In Radio Show, Steve Bannon Sounded Out Populist Vision
'USA Today,' 'Washington Post' look back at his populist themes
By John Johnson,  Newser Staff
Posted Feb 1, 2017 7:08 AM CST
White House adviser Steve Bannon listens at right as President Trump speaks during a meeting on cybersecurity.   (AP Photo/Evan Vucci)
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(Newser) – Top Trump strategist Steve Bannon disdains the media, but he had plenty to say publicly while hosting a daily radio show for Breitbart News before joining Donald Trump's team. USA Today has listened to dozens of hours of recordings from 2015-16, and the Washington Post did a similar deep dive to get a better handle on the views of one of the president's most influential advisers. Both analyses paint a similar picture: He views Islam as a violent religion that poses a direct threat to the US and Christianity, and he pushes American "sovereignty" strongly, hoping to limit immigration and ditch multi-nation trade agreements. Some of the snippets cited:

  • In May, he called President Bush's post-9/11 declaration that "Islam is peace" the "dumbest" comments he made during his presidency. In fact, Bannon called Islam "the most radical" religion in the world.

  • In November 2015, when GOP Rep. Ryan Zinke said the US should stop bringing in Syrian refugees until they can be better vetted, Bannon interjected, "Why even let 'em in?" Vetting is expensive, he said, and the money could be better spent in the US. "Should we just take a pause and a hiatus for a number of years on any influx from that area of the world?"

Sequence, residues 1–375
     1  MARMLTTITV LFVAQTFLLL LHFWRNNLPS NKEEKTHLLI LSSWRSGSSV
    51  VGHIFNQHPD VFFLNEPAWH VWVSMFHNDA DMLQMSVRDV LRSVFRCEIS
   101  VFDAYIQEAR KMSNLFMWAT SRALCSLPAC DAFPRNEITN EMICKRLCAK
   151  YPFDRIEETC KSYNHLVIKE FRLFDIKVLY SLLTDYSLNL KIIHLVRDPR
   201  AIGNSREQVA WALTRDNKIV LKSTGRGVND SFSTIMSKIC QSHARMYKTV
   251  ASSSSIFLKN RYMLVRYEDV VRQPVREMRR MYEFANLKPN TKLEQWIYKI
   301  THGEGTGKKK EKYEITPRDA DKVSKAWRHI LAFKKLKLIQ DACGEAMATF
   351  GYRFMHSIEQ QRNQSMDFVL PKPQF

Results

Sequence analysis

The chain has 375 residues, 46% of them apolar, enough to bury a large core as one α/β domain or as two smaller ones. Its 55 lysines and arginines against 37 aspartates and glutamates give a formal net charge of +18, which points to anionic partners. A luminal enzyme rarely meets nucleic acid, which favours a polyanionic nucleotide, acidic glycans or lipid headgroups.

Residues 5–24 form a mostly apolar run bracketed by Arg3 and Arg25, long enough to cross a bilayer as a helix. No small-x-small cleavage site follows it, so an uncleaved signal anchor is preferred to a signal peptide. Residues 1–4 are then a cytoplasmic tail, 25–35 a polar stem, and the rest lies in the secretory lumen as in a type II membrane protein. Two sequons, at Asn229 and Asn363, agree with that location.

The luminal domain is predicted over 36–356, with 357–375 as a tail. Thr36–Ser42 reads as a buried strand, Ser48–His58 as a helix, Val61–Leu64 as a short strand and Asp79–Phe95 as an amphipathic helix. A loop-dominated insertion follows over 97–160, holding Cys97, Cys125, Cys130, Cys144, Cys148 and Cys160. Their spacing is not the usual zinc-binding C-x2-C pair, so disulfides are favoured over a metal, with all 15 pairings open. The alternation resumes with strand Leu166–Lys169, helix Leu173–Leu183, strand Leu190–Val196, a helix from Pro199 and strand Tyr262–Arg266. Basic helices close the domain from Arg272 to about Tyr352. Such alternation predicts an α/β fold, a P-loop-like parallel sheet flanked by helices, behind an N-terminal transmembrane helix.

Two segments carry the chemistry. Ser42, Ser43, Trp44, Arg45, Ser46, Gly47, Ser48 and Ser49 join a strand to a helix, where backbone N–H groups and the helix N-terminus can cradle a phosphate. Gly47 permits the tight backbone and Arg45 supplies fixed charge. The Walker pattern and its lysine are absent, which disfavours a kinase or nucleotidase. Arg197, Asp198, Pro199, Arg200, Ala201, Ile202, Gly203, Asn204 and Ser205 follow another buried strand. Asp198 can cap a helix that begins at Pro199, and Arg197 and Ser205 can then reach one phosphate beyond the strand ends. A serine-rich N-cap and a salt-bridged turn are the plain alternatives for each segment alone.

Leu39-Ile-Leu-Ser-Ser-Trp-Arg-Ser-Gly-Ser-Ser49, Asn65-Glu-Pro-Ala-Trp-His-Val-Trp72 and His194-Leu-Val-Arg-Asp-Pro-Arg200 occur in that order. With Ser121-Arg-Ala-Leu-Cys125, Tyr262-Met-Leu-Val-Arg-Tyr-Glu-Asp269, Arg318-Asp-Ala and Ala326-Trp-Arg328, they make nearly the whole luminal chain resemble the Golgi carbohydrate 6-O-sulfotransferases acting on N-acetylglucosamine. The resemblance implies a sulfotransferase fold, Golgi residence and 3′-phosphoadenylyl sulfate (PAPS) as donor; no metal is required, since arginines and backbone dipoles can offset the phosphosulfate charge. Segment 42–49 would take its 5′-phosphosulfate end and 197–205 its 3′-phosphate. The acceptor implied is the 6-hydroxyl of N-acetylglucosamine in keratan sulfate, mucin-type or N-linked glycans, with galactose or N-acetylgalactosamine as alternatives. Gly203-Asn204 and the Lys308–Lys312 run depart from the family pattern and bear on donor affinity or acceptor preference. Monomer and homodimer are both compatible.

• In December, he said: “I think that most people in the Middle East, at least 50%, believe in being Sharia-compliant. If you're Sharia-compliant or want to impose Sharia law, the United States is the wrong place for you." (A former NSA lawyer tells USA Today that Bannon is wrong.)
  • In criticizing "progressive plutocrats in Silicon Valley," he said: "Engineering schools are all full of people from South Asia, and East Asia. ... They've come in here to take these jobs."
  • In November 2015, when talking about national security, he said: "But you know what, we're in a war. We're clearly going into, I think, a major shooting war in the Middle East again."
  • In May, wondering if the nation was ready to follow his lead: "Is that grit still there, that tenacity, that we've seen on the battlefields ... fighting for something greater than themselves?" he asked. That is "one of the biggest open questions in this country."

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